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Sunday, 8 October 2017



Last night (7th Oct 2017), I attended an orchestral concert performed by the London City Philharmonic, an orchestra whose players come from all over the world. The conductor was the Albanian Olsi Qinami, a founder of the orchestra. The programme, “Tales from the East”, consisted of music by eastern European composers with one exception.

The concert began with a sensitive rendering of Antonin Dvorak’s “Slavonic Dances”. This was followed by Max Bruch’s “Kol Nidrei”, Adagio on Hebrew Melodies”. Bruch was not an Eastern European, having been born a Protestant in Cologne (in 1838). He was fond of using ‘exotic’ themes in his compositions. The piece for cello soloist and orchestra, which we heard last night looks eastwards in a romantic way at a prayer of the Ashkenazi Jews, which is recited at Yom Kippur. The cellist, Alexandra Fletcher, a Londoner, played beautifully.

These two well-known pieces were followed by two compositions, which deserve to be better-known. The first was a piano concerto (“Concerto for piano and orchestra in one movement”) by Fatos Lumani (born 1983), a Professor at the State University of Tetova in Macedonia. The soloist in this powerful, invigorating piece was Shkelzen Baftiari, an Albanian Macedonian who lives in Skopje (Macedonia). His playing of this complex composition was masterful. The orchestra accompanied him skilfully, seemingly with great ease given how difficult this piece is to perform.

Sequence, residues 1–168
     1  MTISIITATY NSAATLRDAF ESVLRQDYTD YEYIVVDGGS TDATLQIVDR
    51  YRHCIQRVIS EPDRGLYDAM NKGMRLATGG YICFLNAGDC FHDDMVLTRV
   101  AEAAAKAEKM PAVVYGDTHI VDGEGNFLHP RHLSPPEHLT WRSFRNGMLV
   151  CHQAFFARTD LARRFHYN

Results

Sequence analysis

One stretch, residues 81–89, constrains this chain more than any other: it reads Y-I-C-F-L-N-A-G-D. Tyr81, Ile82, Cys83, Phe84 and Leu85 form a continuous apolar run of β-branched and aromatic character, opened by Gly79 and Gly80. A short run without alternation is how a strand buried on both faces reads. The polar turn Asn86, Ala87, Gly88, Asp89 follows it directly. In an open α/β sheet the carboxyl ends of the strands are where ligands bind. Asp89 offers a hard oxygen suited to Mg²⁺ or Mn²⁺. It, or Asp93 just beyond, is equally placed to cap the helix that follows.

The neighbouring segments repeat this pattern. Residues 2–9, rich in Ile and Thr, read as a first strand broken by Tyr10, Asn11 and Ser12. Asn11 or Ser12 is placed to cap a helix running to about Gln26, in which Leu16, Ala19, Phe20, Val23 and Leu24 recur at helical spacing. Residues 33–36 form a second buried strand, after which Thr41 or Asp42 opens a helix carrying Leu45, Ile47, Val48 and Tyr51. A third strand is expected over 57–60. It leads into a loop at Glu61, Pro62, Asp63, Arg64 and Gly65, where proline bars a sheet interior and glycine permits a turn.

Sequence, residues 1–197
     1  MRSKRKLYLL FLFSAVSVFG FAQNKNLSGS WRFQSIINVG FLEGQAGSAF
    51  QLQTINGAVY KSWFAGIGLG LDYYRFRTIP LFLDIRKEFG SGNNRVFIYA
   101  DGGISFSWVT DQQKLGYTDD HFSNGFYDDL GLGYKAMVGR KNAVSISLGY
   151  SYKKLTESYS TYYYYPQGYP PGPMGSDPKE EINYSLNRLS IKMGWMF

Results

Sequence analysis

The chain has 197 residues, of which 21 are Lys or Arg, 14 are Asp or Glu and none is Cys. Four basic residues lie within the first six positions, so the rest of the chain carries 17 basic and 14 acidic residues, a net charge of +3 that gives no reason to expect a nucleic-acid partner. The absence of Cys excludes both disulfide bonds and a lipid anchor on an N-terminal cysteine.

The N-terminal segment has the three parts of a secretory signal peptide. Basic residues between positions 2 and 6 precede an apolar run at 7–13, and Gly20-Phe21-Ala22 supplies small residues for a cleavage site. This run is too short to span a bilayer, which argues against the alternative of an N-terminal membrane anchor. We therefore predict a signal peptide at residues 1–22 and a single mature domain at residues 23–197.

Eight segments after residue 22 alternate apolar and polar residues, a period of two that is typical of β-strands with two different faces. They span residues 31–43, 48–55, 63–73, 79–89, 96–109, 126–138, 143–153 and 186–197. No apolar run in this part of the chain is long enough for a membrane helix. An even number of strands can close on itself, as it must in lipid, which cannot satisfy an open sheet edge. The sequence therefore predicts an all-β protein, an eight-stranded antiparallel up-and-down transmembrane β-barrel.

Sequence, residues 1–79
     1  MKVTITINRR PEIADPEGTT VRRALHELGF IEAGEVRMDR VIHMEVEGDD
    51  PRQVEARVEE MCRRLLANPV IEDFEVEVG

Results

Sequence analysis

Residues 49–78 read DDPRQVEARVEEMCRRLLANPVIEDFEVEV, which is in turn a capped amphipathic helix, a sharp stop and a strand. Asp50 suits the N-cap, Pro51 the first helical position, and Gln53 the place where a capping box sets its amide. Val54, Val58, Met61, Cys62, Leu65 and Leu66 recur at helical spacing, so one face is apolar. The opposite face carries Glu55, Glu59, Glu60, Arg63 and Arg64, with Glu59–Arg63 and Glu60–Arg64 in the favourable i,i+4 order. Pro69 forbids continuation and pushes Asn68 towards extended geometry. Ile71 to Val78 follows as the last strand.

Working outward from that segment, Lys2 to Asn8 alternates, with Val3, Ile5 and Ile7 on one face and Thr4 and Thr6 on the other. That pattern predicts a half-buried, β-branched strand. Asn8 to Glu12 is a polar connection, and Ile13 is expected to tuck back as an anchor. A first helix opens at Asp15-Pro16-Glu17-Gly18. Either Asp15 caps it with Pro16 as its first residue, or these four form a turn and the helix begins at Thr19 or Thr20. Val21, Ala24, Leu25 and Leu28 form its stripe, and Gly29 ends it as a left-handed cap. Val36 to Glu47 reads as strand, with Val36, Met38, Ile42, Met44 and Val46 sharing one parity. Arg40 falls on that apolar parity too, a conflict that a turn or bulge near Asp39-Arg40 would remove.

The evening continued with an orchestral piece, “Arbereshes Sime”, by the Albanian composer Gerti Druga. He was born in Kuçovë (Albania) in 1986. The first part of this beautiful composition was based on the melody of a song sung by the Arbëreshë people, descendants of Albanians who escaped from the Ottomans in the 15th century and settled in Italy, where, to this day, they speak an archaic form of Albanian and maintain the traditions of their ancestors. During second half of the piece, the music livened up considerably. It reminded me, and I mean this in a positive way, of the best of the stirring propagandistic music that the former Communist regimes used to inspire their people. The orchestra was accompanied by Shkelzen Baftiari on the piano and featured solos by the orchestra’s leader, the Finnish-born violinist Alina Hiltunen. I was not alone in enjoying this piece; the audience loved it.

After the interval, the orchestra, as always directed skilfully by Olsi Qinami, gave a great performance of Tchaikovsky’s Symphony Number 4. Lasting just under an hour, the orchestra never flagged. Their account of this moving piece was exhilarating.

If you did not attend this concert, I feel sorry for you because you missed a great musical experience!



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